Chief among the regulatory T cells are “helper/inducer” cells. Typically identifiable by the T4 cell marker, helper T cells are essential for activating B cells and other T cells as well as natural killer cells and macrophages. Another subset of T cells acts to turn off or “suppress” these cells.
B cellCytotoxic T cells, which usually carry the T8 marker, are killer cells. In addition to ridding the body of cells that have been infected by viruses or transformed by cancer, they are responsible for the rejection of tissue and organ grafts. (Although suppressor/ cytotoxic T cells are often called T8 cells, in reality the two are not always synonymous. The T8 molecule, like the T4 molecule, determines which MHC molecule-class I or class II-the T cell will recognize, but not how the T cell will behave.)
T cells work primarily by secreting substances known as
cytokines or, more specifically, lymphokines. Lymphokines (which are also secreted by B cells) and their relatives, the monokines produced by monocytes and macrophages, are diverse and potent chemical messengers. Binding to specific receptors on target cells, lymphokines call into play many other cells and substances, including the elements of the inflammatory response. They encourage cell growth, promote cell activation, direct cellular traffic, destroy target cells, and incite macrophages. A single cytokine may have many functions; conversely, several different cytokines may be able to produce the same effect.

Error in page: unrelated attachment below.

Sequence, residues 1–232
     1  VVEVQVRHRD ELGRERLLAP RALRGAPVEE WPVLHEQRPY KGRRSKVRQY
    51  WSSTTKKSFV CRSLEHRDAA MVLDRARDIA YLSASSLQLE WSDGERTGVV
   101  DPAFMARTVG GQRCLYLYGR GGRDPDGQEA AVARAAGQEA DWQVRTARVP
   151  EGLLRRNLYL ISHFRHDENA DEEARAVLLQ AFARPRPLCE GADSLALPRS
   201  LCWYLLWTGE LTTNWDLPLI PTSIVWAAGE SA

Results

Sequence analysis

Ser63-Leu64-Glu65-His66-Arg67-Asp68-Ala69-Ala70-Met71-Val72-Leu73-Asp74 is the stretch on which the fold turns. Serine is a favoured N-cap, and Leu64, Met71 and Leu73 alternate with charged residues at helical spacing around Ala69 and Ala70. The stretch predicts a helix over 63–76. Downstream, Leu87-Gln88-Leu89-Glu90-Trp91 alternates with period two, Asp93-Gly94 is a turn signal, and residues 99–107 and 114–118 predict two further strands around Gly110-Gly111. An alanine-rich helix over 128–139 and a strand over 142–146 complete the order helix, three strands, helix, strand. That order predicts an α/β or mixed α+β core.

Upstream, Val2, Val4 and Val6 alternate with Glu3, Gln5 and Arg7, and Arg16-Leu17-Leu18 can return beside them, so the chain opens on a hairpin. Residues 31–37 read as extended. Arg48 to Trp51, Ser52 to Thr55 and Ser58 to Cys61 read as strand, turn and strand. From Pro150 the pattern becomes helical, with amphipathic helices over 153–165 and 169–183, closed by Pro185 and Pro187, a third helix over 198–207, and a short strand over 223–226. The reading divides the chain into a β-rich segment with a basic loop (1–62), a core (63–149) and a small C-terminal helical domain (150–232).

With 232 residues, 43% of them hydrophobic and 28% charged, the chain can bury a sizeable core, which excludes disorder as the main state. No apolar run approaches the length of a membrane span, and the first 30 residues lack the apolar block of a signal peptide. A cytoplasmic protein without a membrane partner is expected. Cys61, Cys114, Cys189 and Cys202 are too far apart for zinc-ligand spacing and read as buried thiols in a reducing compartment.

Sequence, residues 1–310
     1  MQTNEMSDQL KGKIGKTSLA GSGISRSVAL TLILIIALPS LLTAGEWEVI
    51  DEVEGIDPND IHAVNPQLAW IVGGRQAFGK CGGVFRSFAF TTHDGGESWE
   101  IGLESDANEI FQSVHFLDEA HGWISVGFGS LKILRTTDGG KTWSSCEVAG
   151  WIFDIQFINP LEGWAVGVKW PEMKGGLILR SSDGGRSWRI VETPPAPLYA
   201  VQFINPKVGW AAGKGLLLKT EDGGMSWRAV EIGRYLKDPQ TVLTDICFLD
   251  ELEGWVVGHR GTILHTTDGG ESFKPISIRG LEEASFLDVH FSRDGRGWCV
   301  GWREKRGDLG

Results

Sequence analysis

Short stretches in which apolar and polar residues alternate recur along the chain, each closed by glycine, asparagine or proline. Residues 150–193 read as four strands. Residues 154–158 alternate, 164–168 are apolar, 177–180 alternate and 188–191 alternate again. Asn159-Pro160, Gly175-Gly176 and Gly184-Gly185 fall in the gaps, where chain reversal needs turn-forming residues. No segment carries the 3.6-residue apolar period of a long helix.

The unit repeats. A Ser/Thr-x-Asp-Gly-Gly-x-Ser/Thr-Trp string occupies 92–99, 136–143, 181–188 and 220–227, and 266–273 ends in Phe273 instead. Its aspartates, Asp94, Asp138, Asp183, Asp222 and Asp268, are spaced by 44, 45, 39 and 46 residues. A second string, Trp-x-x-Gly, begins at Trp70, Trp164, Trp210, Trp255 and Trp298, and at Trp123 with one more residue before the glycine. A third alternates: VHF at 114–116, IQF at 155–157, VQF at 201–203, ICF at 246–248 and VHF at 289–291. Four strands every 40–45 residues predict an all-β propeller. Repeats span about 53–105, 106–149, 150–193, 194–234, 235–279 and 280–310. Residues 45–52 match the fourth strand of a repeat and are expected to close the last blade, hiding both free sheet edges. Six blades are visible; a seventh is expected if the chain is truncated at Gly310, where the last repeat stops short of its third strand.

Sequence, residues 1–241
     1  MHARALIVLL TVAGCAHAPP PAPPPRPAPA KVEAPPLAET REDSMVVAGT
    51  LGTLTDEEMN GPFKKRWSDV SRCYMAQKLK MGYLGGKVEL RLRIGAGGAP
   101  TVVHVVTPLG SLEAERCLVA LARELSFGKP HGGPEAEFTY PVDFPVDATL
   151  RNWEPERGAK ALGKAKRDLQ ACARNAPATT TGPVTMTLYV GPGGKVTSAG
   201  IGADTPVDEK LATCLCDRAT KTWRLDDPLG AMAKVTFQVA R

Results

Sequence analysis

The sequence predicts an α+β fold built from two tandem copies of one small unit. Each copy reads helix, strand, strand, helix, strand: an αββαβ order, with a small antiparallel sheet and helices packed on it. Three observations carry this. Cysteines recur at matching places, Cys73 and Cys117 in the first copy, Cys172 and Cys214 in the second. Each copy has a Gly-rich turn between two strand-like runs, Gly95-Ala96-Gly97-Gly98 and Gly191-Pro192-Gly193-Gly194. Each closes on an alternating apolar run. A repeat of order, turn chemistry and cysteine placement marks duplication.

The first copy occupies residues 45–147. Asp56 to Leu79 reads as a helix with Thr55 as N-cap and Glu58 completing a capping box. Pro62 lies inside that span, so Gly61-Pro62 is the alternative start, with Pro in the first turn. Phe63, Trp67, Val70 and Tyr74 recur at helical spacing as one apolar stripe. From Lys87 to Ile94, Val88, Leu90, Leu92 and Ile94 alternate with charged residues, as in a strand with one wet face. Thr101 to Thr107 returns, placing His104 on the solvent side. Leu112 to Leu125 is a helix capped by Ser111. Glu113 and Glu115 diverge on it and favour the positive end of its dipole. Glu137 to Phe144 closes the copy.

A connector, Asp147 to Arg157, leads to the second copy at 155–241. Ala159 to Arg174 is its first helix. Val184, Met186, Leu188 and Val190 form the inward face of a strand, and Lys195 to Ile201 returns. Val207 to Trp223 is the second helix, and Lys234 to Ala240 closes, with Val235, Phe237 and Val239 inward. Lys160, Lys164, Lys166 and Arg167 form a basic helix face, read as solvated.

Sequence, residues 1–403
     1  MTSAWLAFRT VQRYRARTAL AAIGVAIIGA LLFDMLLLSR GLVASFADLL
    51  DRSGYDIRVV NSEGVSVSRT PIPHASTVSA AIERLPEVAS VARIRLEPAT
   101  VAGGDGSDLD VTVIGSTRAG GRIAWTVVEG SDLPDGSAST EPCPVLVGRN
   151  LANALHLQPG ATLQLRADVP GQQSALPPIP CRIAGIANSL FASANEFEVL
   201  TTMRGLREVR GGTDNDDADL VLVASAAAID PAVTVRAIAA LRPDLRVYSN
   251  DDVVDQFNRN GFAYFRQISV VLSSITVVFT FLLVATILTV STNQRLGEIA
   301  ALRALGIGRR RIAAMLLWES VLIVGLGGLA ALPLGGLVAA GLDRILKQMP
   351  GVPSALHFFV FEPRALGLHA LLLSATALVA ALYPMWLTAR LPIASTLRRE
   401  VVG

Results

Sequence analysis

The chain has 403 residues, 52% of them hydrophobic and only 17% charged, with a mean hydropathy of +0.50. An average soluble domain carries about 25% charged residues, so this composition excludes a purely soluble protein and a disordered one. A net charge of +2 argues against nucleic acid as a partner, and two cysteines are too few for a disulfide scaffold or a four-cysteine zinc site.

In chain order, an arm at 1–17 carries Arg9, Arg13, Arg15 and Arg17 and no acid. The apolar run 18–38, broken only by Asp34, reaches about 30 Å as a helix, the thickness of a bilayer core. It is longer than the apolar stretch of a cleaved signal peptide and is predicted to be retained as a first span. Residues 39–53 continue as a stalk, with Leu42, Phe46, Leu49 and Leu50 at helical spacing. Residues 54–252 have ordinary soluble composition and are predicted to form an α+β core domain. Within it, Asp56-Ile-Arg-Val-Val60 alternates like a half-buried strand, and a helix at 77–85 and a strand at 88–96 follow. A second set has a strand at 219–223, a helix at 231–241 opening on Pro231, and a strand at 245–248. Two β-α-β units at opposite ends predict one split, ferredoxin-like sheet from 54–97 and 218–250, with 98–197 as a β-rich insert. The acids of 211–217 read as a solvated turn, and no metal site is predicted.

One of the first cytokines to be discovered was interferon. Produced by T cells and macrophages (as well as by cells outside the immune system), interferons are a family of proteins with antiviral properties. Interferon from immune cells, known as immune interferon or gamma interferon, activates macrophages. Two other cytokines, closely related to one another, are lymphotoxin (from lymphocytes) and tumor necrosis factor (from macrophages). Both kill tumor cells; tumor necrosis factor (TNF) also inhibits parasites and viruses.
Many cytokines are initially given descriptive names but, as their basic structure is identified, they are renamed as “interleukins“-messengers between leukocytes, or white cells. Interleukin-1, or IL-1, is a product of macrophages (and many other cells) that helps to activate B cells and T cells. IL-2, originally known as T cell growth factor, or TCGF, is produced by antigen-activated T cells and promotes the rapid growth or differentiation of mature T cells and B cells. IL-3 is a T-cell derived member of the family of protein mediators known as colony-stimulating factors (CSF); one of its many functions is to nurture the development of immature precursor cells into a variety of mature blood cells. IL-4, IL-5, and IL-6 help B cells grow and differentiate; IL-4 also affects T cells, macrophages, mast cells, and granulocytes.
A number of cytokines, obtained in quantity through recombinant DNA technology (Genetic Engineering), are now being used-alone, in combination, linked to toxins-in clinical trials for patients with cancers, blood disorders, and immunodeficiency diseases (including AIDS), as well as people receiving bone marrow transplants. Their versatility, however, makes it difficult to predict the full range of their effects.
Natural Killer Cells
Natural Killer (NK) cells are yet another type of lethal lymphocyte. Like cytotoxic T cells, they contain granules filled with potent chemicals. They are called “natural” killers because they, unlike cytotoxic T cells, do not need to recognize a specific antigen before swinging into action. They target tumor cells and protect against a wide variety of infectious microbes. In several immunodeficiency diseases, including AIDS, natural killer cell function is abnormal. Natural killer cells may also contribute to immunoregulation by secreting high levels of influential lymphokines.